For some, higher education is seen as the great equalizer between men and women, and, lower class and upper class. Higher education is meant to provide a way for people to excel and open doors that would otherwise be closed to those without degrees. For women, higher education offers a chance to gain meaningful experience and growth as scholars.

Unfortunately, there still seems to be a discrepancy between gender equality and higher education. Although more women than ever are being enrolled and attend college, many feminists and feminist scholars see the influx of women in soft science fields as a way for administrations to play the number game. Women are still being rejected in STEM fields and other predominantly male areas of study. Professors and administrators at colleges tend to be male, which means that there is a lack of equality as women are being delegated to soft science fields instead. Women have been at the forefront of fighting for gender equality within higher education, crafting new areas of studies such as gender studies and women’s studies in order to help bring attention to the inequalities different individuals may face. Despite this, feminist scholars are left to wonder if the systems that perpetuate misogyny are still in place at colleges, with the administrators of colleges and professionals still being a largely male field, despite the growing number of female professionals.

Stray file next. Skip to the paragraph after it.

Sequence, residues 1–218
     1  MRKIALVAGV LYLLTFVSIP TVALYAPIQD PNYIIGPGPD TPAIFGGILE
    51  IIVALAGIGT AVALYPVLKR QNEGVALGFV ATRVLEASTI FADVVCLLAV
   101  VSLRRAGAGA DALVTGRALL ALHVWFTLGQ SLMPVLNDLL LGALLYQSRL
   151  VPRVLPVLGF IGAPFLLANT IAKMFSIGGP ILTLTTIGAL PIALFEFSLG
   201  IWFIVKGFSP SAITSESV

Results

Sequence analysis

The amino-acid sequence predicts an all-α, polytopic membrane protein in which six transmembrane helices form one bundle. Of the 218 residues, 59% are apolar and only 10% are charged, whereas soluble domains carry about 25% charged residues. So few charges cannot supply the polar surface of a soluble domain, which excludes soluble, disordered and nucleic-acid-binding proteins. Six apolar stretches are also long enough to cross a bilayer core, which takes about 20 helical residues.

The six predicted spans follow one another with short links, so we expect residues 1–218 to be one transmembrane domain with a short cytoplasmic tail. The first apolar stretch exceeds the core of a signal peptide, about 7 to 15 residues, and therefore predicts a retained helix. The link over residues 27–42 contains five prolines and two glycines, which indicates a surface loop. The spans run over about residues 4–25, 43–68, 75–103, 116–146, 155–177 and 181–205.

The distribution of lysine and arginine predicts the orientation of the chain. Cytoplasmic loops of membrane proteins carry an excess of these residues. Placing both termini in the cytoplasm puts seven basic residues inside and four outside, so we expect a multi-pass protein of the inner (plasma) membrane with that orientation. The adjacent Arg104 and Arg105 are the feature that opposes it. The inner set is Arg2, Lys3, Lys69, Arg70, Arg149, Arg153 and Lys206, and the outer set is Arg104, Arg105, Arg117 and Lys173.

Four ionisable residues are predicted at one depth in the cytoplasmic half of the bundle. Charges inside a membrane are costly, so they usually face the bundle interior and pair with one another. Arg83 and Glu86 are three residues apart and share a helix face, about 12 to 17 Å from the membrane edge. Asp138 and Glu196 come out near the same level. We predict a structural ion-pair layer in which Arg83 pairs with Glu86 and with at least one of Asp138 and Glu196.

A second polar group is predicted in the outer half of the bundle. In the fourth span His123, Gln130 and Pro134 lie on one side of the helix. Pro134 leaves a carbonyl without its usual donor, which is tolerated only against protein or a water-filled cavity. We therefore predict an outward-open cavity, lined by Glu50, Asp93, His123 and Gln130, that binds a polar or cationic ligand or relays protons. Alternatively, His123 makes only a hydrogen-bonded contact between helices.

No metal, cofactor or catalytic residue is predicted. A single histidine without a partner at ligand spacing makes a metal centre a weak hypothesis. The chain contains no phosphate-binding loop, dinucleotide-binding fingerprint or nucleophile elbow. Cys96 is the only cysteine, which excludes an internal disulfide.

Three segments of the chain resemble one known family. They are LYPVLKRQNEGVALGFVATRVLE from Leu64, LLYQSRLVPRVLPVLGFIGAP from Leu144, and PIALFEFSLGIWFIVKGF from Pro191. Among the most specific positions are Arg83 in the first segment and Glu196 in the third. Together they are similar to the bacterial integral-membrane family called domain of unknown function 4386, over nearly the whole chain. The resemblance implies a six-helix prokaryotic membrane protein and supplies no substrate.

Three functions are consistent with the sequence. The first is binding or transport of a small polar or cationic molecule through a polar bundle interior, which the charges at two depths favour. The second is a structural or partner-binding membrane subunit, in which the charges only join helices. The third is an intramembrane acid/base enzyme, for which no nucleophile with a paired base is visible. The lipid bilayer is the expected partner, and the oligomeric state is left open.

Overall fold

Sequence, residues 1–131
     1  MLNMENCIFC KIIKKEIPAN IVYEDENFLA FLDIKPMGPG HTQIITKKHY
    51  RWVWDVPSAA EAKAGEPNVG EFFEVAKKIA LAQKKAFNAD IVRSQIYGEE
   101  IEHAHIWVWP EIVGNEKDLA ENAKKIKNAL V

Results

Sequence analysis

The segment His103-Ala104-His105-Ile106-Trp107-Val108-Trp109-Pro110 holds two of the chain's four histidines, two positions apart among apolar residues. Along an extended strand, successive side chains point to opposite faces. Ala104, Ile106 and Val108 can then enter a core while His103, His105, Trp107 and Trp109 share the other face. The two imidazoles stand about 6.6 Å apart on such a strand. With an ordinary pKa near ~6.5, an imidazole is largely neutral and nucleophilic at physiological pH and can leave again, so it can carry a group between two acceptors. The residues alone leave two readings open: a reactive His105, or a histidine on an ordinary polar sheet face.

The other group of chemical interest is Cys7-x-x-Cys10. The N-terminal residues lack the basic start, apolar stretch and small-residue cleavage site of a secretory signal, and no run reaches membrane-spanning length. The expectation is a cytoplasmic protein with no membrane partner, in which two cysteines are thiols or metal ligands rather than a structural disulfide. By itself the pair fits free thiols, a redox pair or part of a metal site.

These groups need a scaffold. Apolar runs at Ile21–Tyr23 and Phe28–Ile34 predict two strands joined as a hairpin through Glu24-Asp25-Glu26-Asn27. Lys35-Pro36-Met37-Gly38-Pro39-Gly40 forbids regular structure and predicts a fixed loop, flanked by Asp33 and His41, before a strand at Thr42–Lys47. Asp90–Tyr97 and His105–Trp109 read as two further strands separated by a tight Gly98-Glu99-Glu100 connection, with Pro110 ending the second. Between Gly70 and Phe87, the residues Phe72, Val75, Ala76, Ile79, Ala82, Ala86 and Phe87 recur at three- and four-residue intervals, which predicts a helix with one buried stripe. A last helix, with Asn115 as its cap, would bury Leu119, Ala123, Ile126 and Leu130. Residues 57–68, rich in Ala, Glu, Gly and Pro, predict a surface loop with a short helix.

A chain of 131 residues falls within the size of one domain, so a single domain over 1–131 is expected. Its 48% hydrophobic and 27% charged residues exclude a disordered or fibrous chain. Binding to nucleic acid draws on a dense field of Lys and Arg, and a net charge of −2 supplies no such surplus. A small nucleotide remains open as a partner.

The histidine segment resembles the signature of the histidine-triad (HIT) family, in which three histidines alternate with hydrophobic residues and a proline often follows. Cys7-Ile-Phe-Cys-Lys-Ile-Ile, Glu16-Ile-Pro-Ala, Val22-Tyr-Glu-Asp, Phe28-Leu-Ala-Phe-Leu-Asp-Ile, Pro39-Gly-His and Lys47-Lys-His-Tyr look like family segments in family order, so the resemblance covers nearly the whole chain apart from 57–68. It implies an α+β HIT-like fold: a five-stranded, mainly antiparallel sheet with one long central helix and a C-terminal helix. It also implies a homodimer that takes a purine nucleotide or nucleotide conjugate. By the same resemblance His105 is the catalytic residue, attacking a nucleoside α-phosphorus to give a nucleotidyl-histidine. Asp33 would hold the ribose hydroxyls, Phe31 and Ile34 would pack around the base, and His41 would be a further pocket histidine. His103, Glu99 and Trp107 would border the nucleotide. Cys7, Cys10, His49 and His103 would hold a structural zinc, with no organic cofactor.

In many cases, there is still work to be done to create a more equal space in gender especially where people can feel comfortable discussing gender disparities. It seems that there are two aspects of higher education that clash with each other in this regard. There is a part in higher education that leads to the creating of scholars in gender studies with knowledge of how to fix things and the systematic treatment of higher education as a commodity that must be sold to people from all over the world. This means that there is a larger focus to sell university as an experience that sticks with the status quo. In truth, higher education is a business model that survives on established social norms, which leaves very little space for active change especially in regards to gender equality in spaces of higher education.